I’m sure the blogs are full of commentary by now, but this is my virgin impression — before searching the web to find out what I really think.

I might have missed the good part, because I only saw the last twenty minutes or so, but…

Why are we this fascinated?  Are we this fascinated?

sarah palin
sarah palin climbing

In fact, we are.  I check the stats on my blog, and those entries that mention Sarah Palin get more search traffic than anything else — by far.

John F. Kennedy, a war hero who, they say, had a hole in his back the size of a fist, polished his resumé for a Presidential campaign by publishing Profiles in Courage.

Barack Obama, a kid “with a funny name,” raised by a single parent — and a brilliant student — paid off his college loans by publishing Dreams from my Father (a great book; I listened to the audio, read by the author/President, which won a Grammy).

Sarah Palin wrote a book too, Going Rogue — but here she was, climbing a rock, grasping for a grip, engaged in an epic struggle for sure footing, wearing a mic and talking about how hard it was.

She’s the new kind of American hero.  The realty show star.  All personality and celebrity.  Great TV material for a campaign.  But President?  The fact that she has any support at all for this is phenomenal.  And fascinating.

To her credit, it was an athletic accomplishment.  But if it had been almost anybody else, it would have been way too boring too watch.  In this case, it might be ingenious marketing.  After all, whether she runs for President or not, she’s made about $20 million this year.

Putting aside the demonetization that’s so persistent from political opposition, Kennedy and Obama are real heroes who can inspire children with their remarkable lives and rhetoric and achievement.

My mom is grasping to life.  The details of her life also contain elements of remarkable heroism.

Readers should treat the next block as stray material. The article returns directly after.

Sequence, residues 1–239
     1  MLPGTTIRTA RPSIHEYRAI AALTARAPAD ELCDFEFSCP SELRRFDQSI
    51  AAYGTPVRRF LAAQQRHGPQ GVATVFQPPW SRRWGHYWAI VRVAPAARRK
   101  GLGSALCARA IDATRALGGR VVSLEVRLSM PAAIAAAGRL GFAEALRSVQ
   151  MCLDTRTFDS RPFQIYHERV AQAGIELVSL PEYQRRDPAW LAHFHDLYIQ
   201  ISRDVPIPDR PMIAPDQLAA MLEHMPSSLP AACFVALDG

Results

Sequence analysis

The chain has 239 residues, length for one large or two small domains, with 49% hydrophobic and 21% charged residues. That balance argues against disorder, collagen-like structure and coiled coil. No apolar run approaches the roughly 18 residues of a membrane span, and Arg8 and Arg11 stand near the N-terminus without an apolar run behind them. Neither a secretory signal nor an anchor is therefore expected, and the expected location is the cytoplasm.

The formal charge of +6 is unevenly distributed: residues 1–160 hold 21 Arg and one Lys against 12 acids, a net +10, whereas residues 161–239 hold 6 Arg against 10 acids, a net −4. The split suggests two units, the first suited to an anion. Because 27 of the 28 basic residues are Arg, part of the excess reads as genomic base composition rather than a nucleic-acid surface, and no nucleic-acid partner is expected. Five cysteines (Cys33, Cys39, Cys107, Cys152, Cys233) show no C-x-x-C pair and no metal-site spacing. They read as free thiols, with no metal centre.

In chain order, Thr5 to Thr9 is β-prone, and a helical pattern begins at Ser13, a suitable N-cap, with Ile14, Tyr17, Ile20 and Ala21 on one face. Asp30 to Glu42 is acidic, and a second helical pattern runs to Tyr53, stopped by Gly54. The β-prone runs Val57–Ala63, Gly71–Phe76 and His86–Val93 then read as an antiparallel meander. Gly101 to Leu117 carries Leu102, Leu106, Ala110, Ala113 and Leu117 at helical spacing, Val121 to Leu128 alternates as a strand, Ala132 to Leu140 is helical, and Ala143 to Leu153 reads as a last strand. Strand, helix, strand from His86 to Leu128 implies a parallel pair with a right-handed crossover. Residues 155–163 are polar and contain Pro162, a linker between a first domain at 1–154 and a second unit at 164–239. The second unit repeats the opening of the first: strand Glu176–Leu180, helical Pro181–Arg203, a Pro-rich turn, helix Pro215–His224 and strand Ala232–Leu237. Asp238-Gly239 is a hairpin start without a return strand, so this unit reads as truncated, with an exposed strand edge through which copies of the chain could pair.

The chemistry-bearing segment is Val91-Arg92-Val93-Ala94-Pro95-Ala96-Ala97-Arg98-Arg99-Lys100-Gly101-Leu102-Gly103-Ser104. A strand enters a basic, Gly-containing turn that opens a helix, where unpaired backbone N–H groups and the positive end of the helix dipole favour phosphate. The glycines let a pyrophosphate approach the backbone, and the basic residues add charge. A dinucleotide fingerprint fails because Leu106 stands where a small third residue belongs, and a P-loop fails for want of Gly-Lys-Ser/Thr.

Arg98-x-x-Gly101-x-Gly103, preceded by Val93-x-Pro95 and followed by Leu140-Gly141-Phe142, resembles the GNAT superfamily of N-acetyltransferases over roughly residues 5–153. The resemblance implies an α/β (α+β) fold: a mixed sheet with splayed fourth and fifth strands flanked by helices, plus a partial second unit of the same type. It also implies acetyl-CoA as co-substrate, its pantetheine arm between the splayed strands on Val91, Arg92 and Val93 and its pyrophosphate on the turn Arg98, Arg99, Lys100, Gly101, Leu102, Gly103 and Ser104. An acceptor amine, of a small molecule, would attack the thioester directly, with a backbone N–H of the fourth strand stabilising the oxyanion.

In fact, when you scratch the surface, it’s apparent that many people are heroes.  They’re all around us.  Everywhere.

Sarah Palin is a hero also (a working woman, raising five children — like my mom).  I admire the way she grasps and climbs.

But I’m not so sure, at this point, if she’s climbing the right rock.

it hurts a little

My daughter, Sarah, posted this on her Facebook today:

“It was sad saying goodbye to the family today in Charlotte. Now I’m safe back in the Banks. Hello old man winter, pleasure to see you again.”

When she says “the Banks,” she’s talking about Fairbanks, Alaska, where the average high in January is 0.  The average low is 19 below.  Average!

She’s hoping to be back in June for her sister’s graduation.

She’s happy living there.  We all had a wonderful visit.  Her trip home was safe.

But we had a quiet, very sad day here in Salisbury.

Sarah's coming home from cold, cold Fairbanks

Daughter Sarah is coming home for a two week visit.  We pick her up at the Charlotte airport tomorrow night (tonight, technically, since it’s after midnight now).

According to my phone, here’s the weather forecast where she lives, in Fairbanks Alaska:

Weather in Fairbanks
Weather in Fairbanks

Here’s the forecast here in Salisbury:

weather in Salisbury
weather in Salisbury

She’ll probably be walking around barefoot, complaining about the heat and humidity.

It sure will be nice to see her and be with her.